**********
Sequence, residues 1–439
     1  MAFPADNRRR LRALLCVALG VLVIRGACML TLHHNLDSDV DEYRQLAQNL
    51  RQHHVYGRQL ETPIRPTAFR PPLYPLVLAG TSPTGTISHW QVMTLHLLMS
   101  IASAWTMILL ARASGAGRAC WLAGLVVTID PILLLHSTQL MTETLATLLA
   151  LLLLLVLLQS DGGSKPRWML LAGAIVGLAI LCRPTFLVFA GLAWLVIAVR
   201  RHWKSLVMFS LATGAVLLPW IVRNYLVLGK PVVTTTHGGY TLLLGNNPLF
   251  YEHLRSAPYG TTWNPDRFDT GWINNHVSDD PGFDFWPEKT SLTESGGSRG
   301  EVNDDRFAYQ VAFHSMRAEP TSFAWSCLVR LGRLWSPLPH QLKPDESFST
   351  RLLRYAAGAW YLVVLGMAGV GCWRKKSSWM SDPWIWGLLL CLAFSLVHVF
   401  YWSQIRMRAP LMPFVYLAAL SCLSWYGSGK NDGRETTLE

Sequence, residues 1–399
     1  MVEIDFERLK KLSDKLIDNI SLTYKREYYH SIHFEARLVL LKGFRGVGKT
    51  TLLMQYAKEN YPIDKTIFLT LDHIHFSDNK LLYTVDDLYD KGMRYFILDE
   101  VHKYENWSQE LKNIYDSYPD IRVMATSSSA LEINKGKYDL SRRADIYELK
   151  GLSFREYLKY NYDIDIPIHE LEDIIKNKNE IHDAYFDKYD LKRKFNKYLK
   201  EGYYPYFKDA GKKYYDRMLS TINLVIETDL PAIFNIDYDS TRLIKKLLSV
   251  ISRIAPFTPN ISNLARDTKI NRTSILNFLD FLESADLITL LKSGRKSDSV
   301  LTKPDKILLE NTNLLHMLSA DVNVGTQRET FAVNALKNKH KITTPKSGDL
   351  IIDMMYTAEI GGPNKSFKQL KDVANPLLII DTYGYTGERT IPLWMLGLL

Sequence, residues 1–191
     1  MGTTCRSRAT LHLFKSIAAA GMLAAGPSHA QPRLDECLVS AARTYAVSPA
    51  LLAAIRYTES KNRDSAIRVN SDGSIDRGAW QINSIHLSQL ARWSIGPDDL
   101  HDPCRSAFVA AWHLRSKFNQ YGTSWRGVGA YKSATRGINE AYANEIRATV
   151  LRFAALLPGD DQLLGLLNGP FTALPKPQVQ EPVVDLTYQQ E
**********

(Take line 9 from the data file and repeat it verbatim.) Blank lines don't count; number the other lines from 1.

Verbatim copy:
   351  RLLRYAAGAW YLVVLGMAGV GCWRKKSSWM SDPWIWGLLL CLAFSLVHVF